ROCHESTER, Minn. — Safety, potential accidents and quality of life concerns are prompting nearly 70 percent of Rochester residents to oppose plans to increase freight train traffic through their city, a new survey shows. The survey of more than 500 Rochester residents, conducted October 8-16, also shows strong public sentiment for area elected officials to resist plans to expand freight rail traffic in the city.
The Canadian Pacific Railway (CP) recently acquired the Dakota, Minnesota and Eastern Railroad (DM&E) and associated tracks through downtown Rochester. During the acquisition, CP officials outlined plans to upgrade tracks through Rochester in anticipation of increasing the frequency and speed of trains through the city. Currently, only two to three trains a day traveling 10 miles per hour move through Rochester.
“This survey clearly demonstrates what city officials have been emphasizing all along: that the citizens of Rochester are concerned about public safety and oppose plans to increase freight traffic,” said Ardell Brede, Rochester Mayor. “The poll also finds that nearly 87 percent of our community rates the quality of life in Rochester as excellent or good. We have been trying to work with rail officials for almost a decade to make them realize that high-speed freight trains, some that may be carrying hazardous materials, will be detrimental to public safety, emergency response and our quality of life in many ways.”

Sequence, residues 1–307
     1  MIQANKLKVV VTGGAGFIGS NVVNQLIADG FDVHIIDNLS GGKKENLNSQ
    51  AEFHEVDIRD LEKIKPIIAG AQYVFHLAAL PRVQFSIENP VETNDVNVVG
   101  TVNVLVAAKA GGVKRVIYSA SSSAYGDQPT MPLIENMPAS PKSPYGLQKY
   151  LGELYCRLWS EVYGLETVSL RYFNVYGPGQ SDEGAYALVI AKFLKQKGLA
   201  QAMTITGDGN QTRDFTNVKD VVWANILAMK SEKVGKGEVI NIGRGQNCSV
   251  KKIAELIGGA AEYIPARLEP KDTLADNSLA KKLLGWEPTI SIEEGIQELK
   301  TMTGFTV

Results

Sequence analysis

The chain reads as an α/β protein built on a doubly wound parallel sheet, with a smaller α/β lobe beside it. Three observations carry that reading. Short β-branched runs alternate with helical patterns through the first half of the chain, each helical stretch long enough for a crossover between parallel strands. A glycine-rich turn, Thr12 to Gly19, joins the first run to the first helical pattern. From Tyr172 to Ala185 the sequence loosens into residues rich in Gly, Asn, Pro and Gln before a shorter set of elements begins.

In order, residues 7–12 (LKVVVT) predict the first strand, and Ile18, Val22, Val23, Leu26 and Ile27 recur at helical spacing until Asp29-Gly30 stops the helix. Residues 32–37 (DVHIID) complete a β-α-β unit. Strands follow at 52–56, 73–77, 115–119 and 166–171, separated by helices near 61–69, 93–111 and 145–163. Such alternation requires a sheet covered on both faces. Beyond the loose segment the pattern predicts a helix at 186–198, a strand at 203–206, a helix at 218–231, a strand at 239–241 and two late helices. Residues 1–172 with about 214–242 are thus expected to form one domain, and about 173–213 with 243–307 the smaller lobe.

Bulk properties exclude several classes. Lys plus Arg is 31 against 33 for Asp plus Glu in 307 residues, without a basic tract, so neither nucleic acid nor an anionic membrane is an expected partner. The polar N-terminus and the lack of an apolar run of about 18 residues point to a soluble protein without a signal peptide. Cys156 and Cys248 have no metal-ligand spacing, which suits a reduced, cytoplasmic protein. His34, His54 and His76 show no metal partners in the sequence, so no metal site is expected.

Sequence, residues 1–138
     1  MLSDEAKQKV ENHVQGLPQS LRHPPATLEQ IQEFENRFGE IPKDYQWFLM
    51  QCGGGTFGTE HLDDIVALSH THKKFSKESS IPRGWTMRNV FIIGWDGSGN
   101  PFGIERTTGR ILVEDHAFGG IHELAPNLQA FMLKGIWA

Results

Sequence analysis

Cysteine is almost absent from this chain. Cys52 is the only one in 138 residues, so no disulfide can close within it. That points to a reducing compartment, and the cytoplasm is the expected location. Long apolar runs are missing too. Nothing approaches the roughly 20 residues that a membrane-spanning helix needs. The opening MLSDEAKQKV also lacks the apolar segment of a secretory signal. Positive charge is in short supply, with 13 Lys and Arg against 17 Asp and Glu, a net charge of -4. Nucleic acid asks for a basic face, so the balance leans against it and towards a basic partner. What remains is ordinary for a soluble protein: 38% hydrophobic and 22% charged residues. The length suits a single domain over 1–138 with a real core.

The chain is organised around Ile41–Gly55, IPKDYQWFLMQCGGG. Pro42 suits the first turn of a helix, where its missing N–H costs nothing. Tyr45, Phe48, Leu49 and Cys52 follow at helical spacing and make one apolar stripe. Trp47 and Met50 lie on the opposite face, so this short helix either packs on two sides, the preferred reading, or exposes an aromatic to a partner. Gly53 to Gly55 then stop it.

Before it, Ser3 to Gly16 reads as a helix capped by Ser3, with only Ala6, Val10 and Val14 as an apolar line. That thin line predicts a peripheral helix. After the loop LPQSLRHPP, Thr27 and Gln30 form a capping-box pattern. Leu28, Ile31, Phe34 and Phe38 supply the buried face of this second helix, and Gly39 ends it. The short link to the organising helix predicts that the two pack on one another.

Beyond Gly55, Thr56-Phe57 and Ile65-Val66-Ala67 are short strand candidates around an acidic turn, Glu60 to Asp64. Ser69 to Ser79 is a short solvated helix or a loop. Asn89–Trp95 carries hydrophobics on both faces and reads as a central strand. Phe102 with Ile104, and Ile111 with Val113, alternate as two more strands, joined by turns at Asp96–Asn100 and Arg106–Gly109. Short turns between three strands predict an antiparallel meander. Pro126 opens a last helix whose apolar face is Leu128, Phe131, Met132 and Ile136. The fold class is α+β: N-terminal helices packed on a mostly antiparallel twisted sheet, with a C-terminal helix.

According to the survey results:
— 7 in 10 people oppose CP’s plan to operate more and faster freight trains through Rochester. Forty-six percent strongly oppose and only 10 percent strongly support.
— 3 in 4 say elected officials should resist an increase in ethanol and hazardous material train traffic through downtown Rochester.
— 1 in 3 (32 percent) are not at all confident that CP can safely transport hazardous materials through Rochester.
— Only 2 in 10 think Canadian Pacific can safely run more trains at higher speeds if tracks are upgraded.
— Residents’ main concerns were the increased risk of chemical spills, derailments, delays to emergency personnel, accidents at rail crossings and increases in traffic congestion.